Oral cancerPRINT PAGE
Oral cancers can affect any part of the mouth, but is most commonly found in the tongue, floor of the mouth, lips and cheeks.
Smoking is a major cause of cancer affecting the mouth and the throat. The use of tobacco in any form increases the risk of oral cancers. The risk of developing cancer increases with the length of time a person has smoked and the amount they have smoked.
Oral health professionals recommend that people look out for red and white patches in their mouths and sores and ulcers that do not heal within two weeks. In most cases, spots in the mouth will be harmless, but it is important not to delay a diagnosis.
What should I look for?
If you have any of these symptoms, see your oral health professional as soon as possible.
- A sore or an ulcer in the mouth that does not heal within two weeks.
- A lump or thickening in the cheek
- White or red patches in the mouth
- Difficulty chewing or swallowing
- Difficulty moving the tongue or jaw
- Numbness of the tongue or other areas of the mouth
- Swelling of the jaw that causes dentures to fit poorly or become uncomfortable
What can I do to reduce the risk?
More than 75% of oral cancers in Australia occur in people who smoke. The more often and the heavier you smoke, the higher your chances of developing oral cancer.
By quitting, a smoker will halve their risk of developing oral cancer within five years.
If you need help to quit, call the Quitline on 137 848 (13 QUIT).
Reduce alcohol intake:
Heavy drinking (more than four standard drinks on one occasion) increases your risk of oral cancer, and this is especially true when drinking is combined with smoking.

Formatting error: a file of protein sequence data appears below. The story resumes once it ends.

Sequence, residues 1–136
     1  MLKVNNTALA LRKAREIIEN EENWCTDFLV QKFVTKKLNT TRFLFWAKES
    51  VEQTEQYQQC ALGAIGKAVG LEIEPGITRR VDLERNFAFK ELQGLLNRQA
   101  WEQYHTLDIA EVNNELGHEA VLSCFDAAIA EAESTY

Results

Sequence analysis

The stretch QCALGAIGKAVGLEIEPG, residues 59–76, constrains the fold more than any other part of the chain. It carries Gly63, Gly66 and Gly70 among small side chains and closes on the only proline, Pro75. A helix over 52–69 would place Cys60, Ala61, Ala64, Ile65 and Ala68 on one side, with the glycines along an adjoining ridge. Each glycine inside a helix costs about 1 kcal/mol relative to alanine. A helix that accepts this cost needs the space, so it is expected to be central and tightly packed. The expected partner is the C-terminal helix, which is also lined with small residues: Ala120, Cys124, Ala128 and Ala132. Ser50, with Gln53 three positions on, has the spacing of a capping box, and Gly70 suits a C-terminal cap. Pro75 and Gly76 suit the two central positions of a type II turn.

Never underestimate how much you drink (one standard drink is not necessarily one glass of wine, beer or spirits) and remember to have regular alcohol-free days.
Be sun smart:
Extended sun exposure, particularly without protection such as sunscreen, can increase your risk of skin cancer of the lips. Avoid sunburn by protecting your skin with sunscreen, using lip balm with a Skin Protection Factor (SPF30+) and wearing a hat when outdoors.
If your diet is low in fresh vegetables, or includes no vegetables at all, you are at increased risk of developing oral cancer. Eating at least eight serves of vegetables per week, compared to three or less, decreases your risk of mouth cancer by 50%.
Eating well is a simple way to improve your general health, and reduce your risk of oral cancer.
Keep your mouth healthy:
Check your mouth regularly for unusual sores.
Drink plenty of fluoridated tap water and see a dental professional regularly to check your whole mouth, not just your teeth.
For more information about oral cancers, their symptoms and how to prevent them, visit the Cancer Council Victoria’s website